July 25, 2024

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Amy Klobuchar to End Presidential Bid and Endorse Joe Biden

(Bloomberg) — Amy Klobuchar ended her bid for the presidency Monday and plans to endorse former Vice President Joe Biden for the Democratic nomination, a day before the biggest primary night of the 2020 campaign.

The Klobuchar campaign said she will fly to Dallas late Monday for a rally with Biden where she will officially suspend her campaign and endorse him.

Her decision comes as Democratic Party leaders seem to be coalescing around Biden after his commanding win of the South Carolina primary Feb. 29. Another centrist candidate, Pete Buttigieg, dropped out Sunday night.

Biden supporters have also been calling on Michael Bloomberg to drop out to avoid splitting moderate votes with Biden on Super Tuesday, and allowing Bernie Sanders to gain a plurality of delegates at the nominating convention.

Bloomberg spoke to campaign workers in Virginia on Monday and said that instead of dropping out, he was “in it to win it.”

He said he spoke to Klobuchar and Buttigieg on Monday.

“I thought both of them behaved themselves is a nice way to phrase it, but they represented their country and their states very well,” he said.

(Bloomberg is the founder and majority owner of Bloomberg LP, the parent company of Bloomberg News.)

The Minnesota senator performed poorly in three of the four early-voting states, depriving her of any path to the nomination. The momentum she gained from a third-place finish in New Hampshire quickly vanished when she finished in sixth place in both Nevada and South Carolina.

Rival Elizabeth Warren, who has also been struggling to win votes, sent a tweet of support.

“Thank you to my friend, Amy Klobuchar. You’ve been a champion for working families and women in politics, and I look forward to keeping up that fight by your side,” she wrote.

Klobuchar had positioned herself as the Democrat most likely to reach voters who went for President Donald Trump in 2016, but her lack of appeal to the minority voters who are key to a Democratic win ultimately sank her candidacy.

Klobuchar got a boost when she won seven delegates in New Hampshire, coming in behind Sanders and Buttigieg, but ahead of Warren and Biden.

Her campaign tried to capitalize on that momentum, using a surge in fund-raising to invest in Nevada, South Carolina and the states that vote on Super Tuesday, March 3. But her disappointing finish in South Carolina, where she got 3.1% of the vote, put an end to those hopes.

Despite receiving endorsements from the New York Times editorial board, which she shared with Warren, and several prominent papers in Iowa, New Hampshire, California and Washington State, Klobuchar suffered the same fate as other moderates in a divided field.

At the ninth Democratic debate in Las Vegas in February, Klobuchar, 59, repeatedly clashed with Buttigieg, 38, over whether her career in the Senate provided more important experience his as mayor of South Bend, Indiana.

She lashed out at Buttigieg when he suggested she had made a significant misstep by forgetting the name of President Andres Manuel Lopez Obrador of Mexico in an interview.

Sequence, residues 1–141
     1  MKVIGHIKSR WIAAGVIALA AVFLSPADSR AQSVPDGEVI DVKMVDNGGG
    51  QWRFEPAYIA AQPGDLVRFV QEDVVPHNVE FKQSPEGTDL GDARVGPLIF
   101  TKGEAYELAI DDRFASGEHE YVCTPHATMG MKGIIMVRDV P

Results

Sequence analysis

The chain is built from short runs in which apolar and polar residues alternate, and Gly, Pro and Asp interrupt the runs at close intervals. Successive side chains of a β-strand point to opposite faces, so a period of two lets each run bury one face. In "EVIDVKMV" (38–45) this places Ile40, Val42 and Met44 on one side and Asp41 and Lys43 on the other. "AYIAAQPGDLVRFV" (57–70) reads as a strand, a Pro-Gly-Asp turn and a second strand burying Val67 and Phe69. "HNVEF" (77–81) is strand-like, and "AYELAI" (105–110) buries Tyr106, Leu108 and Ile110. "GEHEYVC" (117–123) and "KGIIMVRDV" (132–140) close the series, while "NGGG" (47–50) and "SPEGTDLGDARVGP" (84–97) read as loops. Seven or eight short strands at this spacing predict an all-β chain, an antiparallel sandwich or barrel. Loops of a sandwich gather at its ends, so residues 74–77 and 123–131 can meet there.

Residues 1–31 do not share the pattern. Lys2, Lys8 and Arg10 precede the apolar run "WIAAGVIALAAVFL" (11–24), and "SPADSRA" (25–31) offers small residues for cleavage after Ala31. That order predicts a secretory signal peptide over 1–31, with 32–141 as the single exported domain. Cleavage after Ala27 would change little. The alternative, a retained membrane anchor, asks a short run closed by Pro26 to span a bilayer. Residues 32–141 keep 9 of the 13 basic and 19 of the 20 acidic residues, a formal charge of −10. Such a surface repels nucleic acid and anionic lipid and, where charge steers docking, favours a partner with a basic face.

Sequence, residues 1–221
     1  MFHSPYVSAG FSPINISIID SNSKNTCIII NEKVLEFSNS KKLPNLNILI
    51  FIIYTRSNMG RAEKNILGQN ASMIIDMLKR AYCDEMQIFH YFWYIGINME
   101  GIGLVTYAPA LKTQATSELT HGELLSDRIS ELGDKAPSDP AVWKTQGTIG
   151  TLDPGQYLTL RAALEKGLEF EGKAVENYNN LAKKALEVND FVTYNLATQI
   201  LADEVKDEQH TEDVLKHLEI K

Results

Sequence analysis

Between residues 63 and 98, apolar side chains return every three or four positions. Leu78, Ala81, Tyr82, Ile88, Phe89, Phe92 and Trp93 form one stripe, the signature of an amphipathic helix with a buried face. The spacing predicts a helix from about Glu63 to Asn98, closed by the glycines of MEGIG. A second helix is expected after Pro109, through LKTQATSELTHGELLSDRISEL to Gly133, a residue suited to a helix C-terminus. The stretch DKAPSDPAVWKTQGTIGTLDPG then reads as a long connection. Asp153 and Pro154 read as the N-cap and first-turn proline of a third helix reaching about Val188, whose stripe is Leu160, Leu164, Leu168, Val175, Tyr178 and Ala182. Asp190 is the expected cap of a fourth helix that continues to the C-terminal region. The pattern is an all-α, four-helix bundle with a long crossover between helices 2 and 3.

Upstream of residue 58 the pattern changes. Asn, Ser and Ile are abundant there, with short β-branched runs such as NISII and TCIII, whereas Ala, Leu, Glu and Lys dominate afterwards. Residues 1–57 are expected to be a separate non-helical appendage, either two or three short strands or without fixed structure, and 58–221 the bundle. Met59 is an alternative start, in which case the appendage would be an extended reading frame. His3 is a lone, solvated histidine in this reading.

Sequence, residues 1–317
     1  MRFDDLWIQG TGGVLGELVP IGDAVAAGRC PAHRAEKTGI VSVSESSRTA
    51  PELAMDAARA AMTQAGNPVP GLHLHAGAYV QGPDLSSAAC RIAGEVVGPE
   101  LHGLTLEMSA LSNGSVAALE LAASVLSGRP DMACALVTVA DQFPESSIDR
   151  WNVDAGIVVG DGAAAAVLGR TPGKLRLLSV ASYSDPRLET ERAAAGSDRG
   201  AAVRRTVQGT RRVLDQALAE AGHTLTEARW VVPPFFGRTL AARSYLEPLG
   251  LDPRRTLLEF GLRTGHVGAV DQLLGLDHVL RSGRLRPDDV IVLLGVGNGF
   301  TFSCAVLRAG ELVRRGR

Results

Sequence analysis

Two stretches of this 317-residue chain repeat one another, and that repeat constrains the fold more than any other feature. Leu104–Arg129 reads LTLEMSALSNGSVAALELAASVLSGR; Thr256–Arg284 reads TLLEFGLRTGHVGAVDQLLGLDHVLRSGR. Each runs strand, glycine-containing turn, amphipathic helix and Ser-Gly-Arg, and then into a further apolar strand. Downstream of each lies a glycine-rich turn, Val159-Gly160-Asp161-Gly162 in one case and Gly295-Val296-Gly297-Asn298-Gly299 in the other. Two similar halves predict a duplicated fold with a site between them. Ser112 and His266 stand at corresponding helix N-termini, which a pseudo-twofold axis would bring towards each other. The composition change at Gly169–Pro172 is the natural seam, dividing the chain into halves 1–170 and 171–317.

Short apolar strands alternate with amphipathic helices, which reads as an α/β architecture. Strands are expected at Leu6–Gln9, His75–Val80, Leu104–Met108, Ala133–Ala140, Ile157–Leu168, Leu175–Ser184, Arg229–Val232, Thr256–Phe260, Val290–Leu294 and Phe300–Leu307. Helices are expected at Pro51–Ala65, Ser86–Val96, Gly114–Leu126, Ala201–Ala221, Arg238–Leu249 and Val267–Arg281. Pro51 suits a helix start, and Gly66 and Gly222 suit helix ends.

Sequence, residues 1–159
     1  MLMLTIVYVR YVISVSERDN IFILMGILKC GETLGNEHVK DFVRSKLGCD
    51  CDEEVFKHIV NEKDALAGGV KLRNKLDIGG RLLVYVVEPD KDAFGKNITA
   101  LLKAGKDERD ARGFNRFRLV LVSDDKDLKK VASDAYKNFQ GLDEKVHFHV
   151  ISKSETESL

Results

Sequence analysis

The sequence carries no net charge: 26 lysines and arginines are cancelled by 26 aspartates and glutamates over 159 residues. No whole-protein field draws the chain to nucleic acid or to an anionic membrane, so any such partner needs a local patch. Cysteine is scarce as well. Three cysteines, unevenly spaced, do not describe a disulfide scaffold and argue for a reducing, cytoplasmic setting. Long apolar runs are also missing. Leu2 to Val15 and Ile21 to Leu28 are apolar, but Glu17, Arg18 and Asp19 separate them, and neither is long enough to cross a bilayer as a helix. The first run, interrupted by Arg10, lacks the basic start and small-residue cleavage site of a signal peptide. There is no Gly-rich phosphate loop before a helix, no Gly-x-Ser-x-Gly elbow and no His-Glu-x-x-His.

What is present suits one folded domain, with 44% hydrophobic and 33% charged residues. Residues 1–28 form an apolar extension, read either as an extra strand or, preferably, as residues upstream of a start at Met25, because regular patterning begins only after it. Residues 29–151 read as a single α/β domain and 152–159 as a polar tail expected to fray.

“Are you trying to say that I’m dumb? Or are you mocking me here, Pete? I said I made an error,” she responded. She then criticized him for losing a statewide race for treasurer in Indiana, noting her own record of statewide wins in Minnesota.

Klobuchar famously announced her candidacy in a blizzard, braving Minneapolis’s February temperatures of 14 degree Fahrenheit and prompting a tweet from the president calling her a “Snowman(woman)!” Klobuchar retorted: “I wonder how your hair would fare in a blizzard?”

That dry sense of humor gained her favor on the stump and in debates where she spent most of her time pushing back on leftist ideas from opponents like Sanders and Warren. Klobuchar rejected many of progressive Democrats’ ideas as unattainable, calling the Green New Deal “aspirational.” She said Medicare for All “could be a possibility in the future” but she was “just looking for something that will work now.”

At a debate in New Hampshire debate in February, she was the only candidate to say she would have “trouble” if a socialist was the Democratic nominee, a clear dig at Sanders.

Her platform included a $1 billion plan to rebuild the nation’s infrastructure. She told voters she intended to win with the same strategy she had used in every race: by “looking people in the eye and telling them the truth and then going back and getting things done” as she put it.

Throughout the race she was polling between 1% and 4%. She raised $25 million for her campaign through the end of 2019, Federal Election Commission records show, putting her sixth among candidates relying on donations to fund their campaigns. Despite a burst of donor enthusiasm after New Hampshire, she couldn’t gather the funds to be competitive in subsequent races.

(Adds quotes from Bloomberg in fifth and sixth paragraphs)

–With assistance from Mark Niquette.

To contact the reporters on this story: Tyler Pager in Washington at [email protected];Emma Kinery in Des Moines at [email protected]

To contact the editors responsible for this story: Wendy Benjaminson at [email protected], Magan Crane

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©2020 Bloomberg L.P.

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